Amateur radio (also called "Ham Radio") is a friendly high-tech hobby that has got something fun for everyone. Radio amateurs use radio stations (transmitter and receiver) from their homes and outdoors to get in contact with other amateurs around the world, even complete strangers. They communicate with each other using morse code, voice or computers. About 3 million people troughout the world enjoy this hobby. In all countries amateur radio operators have to pass an examination to demonstrate technical knowledge, operating competence and awareness of legal and regulatory requirements. More about amateur radio at Wikipedia....
I have passed the amateur radio exam in 1975, and the callsign "DL5NO" has been assigned to me. Within my webpages, I'd like to present my activities as radio amateur.
In most countries radio amateurs have to keep a log on their transmissions. My electronic logbook contains all connections (so called "QSOs") I have made on the shortwave bands. QSOs on VHF/UHF/SHF are not included.
Enter your (if you are also radio amateur) or any other callsign and find out, if I had a QSO with that station. The electronic logbook accepts complete callsigns only, no wildcards.
Radio amateurs carry on the tradition of using a QSL card as a confirmation of a contact with another amateur radio station. A QSL card contains some basic information - the station's callsign, location, licensee's name and postal address and often details about the equipment (e.g. transmitter, power, antennas,...). It also includes details of the contact, the date, the time (usually in GMT), the radio frequency, the mode of transmission used and a signal report. Sometimes the QSL card shows a picture of the radio amateur's shack or home town.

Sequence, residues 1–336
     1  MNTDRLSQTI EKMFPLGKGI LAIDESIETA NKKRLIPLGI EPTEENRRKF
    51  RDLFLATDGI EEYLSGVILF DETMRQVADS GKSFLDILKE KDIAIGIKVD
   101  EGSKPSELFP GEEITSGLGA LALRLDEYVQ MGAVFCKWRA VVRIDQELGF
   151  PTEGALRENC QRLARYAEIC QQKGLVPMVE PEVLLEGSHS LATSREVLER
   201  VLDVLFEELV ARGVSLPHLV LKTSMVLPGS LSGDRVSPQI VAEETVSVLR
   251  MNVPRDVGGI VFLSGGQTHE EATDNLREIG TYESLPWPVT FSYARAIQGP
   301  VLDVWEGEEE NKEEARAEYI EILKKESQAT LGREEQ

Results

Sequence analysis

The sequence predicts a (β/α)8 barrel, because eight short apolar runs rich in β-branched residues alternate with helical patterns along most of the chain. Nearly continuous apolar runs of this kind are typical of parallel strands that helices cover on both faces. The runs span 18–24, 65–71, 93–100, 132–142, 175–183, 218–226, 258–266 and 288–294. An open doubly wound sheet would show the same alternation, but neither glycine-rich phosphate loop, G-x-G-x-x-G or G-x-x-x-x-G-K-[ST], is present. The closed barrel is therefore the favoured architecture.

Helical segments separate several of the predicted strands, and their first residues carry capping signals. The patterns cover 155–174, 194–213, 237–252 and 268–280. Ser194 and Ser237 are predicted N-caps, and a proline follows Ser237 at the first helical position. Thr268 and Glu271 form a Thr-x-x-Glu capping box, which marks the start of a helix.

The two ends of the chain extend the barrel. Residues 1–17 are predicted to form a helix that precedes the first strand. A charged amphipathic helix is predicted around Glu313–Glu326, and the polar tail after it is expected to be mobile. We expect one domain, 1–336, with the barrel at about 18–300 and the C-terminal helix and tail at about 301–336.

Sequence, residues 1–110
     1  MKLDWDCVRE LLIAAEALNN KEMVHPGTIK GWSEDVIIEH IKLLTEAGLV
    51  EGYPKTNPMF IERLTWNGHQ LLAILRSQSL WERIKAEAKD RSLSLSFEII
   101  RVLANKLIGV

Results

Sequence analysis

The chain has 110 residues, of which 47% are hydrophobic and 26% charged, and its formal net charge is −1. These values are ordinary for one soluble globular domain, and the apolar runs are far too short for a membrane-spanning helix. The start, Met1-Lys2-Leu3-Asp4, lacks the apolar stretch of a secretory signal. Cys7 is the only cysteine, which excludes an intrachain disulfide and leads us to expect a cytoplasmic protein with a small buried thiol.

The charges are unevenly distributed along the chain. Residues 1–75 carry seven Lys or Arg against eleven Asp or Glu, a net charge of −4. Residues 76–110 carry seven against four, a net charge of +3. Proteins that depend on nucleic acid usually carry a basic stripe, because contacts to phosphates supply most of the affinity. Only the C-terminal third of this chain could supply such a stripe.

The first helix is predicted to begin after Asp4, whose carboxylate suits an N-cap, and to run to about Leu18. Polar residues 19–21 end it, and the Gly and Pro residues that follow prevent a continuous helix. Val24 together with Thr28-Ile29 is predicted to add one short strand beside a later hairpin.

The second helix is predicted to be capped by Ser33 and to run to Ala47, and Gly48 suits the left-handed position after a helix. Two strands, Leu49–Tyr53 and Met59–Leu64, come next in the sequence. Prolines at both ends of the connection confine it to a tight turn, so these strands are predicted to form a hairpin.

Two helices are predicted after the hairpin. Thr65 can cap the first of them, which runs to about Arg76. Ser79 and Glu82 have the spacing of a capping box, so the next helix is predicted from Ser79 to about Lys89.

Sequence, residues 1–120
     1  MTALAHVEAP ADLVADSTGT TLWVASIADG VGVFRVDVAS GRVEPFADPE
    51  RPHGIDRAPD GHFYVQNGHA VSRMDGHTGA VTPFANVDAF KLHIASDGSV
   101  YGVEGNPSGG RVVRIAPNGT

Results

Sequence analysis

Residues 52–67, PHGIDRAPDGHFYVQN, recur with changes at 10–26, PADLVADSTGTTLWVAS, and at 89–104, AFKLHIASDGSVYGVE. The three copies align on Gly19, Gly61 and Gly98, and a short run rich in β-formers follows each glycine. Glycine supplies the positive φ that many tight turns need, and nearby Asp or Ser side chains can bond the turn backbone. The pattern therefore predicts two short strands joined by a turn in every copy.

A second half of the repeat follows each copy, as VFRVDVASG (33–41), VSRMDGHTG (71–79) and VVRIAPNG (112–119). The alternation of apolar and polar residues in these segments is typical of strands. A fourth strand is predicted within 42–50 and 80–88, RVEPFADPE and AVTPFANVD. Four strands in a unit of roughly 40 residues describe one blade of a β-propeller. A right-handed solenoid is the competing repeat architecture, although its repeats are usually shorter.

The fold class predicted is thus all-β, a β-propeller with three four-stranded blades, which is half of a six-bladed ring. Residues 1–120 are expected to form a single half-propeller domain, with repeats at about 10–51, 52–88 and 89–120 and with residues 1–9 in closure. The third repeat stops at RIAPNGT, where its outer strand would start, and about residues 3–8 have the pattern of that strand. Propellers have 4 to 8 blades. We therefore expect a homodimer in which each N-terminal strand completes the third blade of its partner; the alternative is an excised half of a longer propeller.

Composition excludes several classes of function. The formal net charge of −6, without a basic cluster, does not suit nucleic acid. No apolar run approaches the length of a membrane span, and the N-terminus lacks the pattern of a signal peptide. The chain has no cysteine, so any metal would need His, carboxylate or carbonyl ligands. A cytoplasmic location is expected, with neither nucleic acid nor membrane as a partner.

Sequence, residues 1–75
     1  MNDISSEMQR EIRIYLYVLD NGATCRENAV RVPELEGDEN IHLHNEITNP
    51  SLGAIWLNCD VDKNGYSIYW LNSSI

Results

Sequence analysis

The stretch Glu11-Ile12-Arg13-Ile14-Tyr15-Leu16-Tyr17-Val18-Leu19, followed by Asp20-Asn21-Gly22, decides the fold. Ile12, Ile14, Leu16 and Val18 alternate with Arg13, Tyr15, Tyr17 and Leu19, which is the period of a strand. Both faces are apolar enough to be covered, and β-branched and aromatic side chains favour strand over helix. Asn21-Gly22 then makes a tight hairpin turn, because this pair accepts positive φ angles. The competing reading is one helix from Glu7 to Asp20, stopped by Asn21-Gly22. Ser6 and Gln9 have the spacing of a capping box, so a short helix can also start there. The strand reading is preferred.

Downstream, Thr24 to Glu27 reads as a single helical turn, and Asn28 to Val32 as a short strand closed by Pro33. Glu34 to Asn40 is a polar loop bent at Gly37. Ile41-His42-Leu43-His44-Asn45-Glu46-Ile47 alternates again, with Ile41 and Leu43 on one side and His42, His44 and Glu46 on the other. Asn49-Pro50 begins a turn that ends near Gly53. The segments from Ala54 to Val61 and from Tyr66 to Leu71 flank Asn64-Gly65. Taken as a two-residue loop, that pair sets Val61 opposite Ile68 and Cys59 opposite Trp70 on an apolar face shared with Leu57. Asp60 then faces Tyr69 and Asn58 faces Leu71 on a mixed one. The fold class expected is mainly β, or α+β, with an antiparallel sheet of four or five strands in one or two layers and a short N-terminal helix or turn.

I confirm every initial QSO with my QSL-card via the QSL-bureau. In addition, my log is uploaded to the "logbook of the world" (LOTW). The LOTW is a repository of logs, submitted by radio amateurs around the world. A QSL-report and the QSO/QSL statistics diagram shown below are generated daily by a self-developed software.
Munich, the capital of Bavaria, Germany's southernmost state, is located in a superb landscape on the northern edge of the Alps. If you consider to travel to Munich, here you will find some more information and insider-tips for your sightseeing tour:
If you will be visiting Munich for holiday or for a business trip and you like to join a meeting of a local amateur radio club, just send me an EMail to get more tips. Here is yet an information about the guest license procedure for foreign radio amateurs.
Radio amateurs who come on visit to Munich often ask where they can find a local ham radio shop. There are many electronics stores in Munich, but unfortunately no dedicated shop for ham radio equipment.
D-85551 Kirchheim b. München